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Perfect storm brews in China as Fed worry meets June cash crunch
[SHANGHAI] A perfect storm may be brewing in Shanghai's money market as a credit-fueled economic recovery coincides with the prospect of higher US interest rates in June, a month that has historically seen funding crunches in China.
The overnight interbank lending rate averaged 1.99 per cent in May, up from 1.18 per cent a year ago, as Federal Reserve tightening weakened the yuan, spurring capital outflow pressures.
That borrowing cost has climbed every June since 2011, as lenders hoard deposits ahead of quarter-end regulatory checks. The cost of fixing rates in the swap market is surging as data showed property leading a rebound in investment in the world's second-biggest economy.
"The internal and external factors combined will certainly add pressure to the money market in June, driving interest rates higher," said Liu Dongliang, a Shenzhen-based senior analyst at China Merchants Bank Co, the nation's sixth-largest lender.
"We're not optimistic about the bond market in the short term."
Any cash crunch would aggravate a rout in bonds that led to 190.6 billion yuan (S$39.88 billion) in canceled sales this quarter, making it harder for issuers to refinance a record amount of maturing debt.
The overnight money rate has been moving in tandem with the weakening currency in the past year after touching a six-year low, as estimated outflows reached US$1 trillion in the past year, according to a gauge compiled by Bloomberg.
The yuan declined 1.6 per cent in May as Federal Reserve Chair Janet Yellen said that evidence of strength in the US economy means there could be an increase in borrowing costs in the coming months.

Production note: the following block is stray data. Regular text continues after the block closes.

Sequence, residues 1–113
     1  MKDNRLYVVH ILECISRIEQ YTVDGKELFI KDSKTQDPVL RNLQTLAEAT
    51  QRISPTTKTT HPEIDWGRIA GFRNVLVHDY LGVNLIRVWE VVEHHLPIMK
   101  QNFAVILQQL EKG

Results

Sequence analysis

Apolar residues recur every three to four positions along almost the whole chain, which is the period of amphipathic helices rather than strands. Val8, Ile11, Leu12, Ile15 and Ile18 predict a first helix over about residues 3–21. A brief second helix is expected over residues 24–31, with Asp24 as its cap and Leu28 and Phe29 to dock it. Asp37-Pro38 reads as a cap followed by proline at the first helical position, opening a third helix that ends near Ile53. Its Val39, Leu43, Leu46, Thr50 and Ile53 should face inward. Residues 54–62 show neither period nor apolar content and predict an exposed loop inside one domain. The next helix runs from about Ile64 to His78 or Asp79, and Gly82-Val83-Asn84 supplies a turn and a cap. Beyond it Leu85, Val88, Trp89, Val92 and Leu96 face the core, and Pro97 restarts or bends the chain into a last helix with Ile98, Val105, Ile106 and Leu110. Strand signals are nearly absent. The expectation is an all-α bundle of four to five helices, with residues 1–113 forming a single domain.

The probability of Fed action in June has surged to 30 per cent from 12 per cent at the end of April, while the premiumfor China's one-year sovereign yield over US Treasuries has narrowed to a seven-week low.
The People's Bank of China has an incentive to keep monetary conditions relatively tight as it looks to control the yuan's decline, rein in excessive lending by banks and keep a lid on inflation. The authority will create a neutral and appropriate monetary environment, it said in an article published in China Business News last week.
The comments came after data showed the nation's consumer price index maintained a 2.3 per cent acceleration for the third month in April, a pace not seen since mid-2014.
"Conditions have been aligning for higher yuan interest rates for a while now," said Eugene Leow, a Singapore-based rates strategist at DBS Bank.
"Higher inflation expectations that come from a bounce in commodity prices, the pricing in of a premium for regulatory needs and the prospect of Fed hikes have led to a reversal in the downtrend in onshore interest rates."
The one-week interbank borrowing cost is unlikely to fluctuate as much as in June 2013, when it reached a record 10.77 per cent. The PBOC has been focusing on using short-term money rates to guide long-term borrowing costs after last year removing a cap on the deposit rates that commercial lenders offer to savers. It has increased the frequency of open-market operations to daily from twice a week, and kept the benchmark seven-day repo rate around 2.25 per cent.
The cost of one-year interest-rate swaps, the fixed cost to receive that repo rate, averaged 2.57 per cent in May, after rising to a one-year high of 2.71 per cent on April 29. The yield on 10-year sovereign bonds climbed by the most in a year this month, adding nine basis points to 2.99 per cent, ChinaBond data show.
"Given the interest-rate increase cycle in the US, the space for further easing will be squeezed," said Ming Ming, Beijing-based head of fixed-income research at Citic Securities Co, China's largest broker.
"It's far more likely for bond yields to rise than to decline now."
The PBOC appears to be preparing for a cash shortage already by adding funds to the financial system. It increased the reverse repo offering in Tuesday's open-market operations to 120 billion yuan, the most since May 5, after adding a net 120 billion yuan in the past two weeks. It also injected 40 billion yuan via a treasury deposit auction on May 27.
The central bank can ill afford a cash crunch. Industrial production, retail sales and investment in April all trailed estimates as new credit undershot all 26 predictions in an analyst survey.
"The economy is still on a fragile footing and the authorities have ample tools to inject liquidity," said Mr Leow.
"A sharp interest-rate spike would be detrimental to the economy."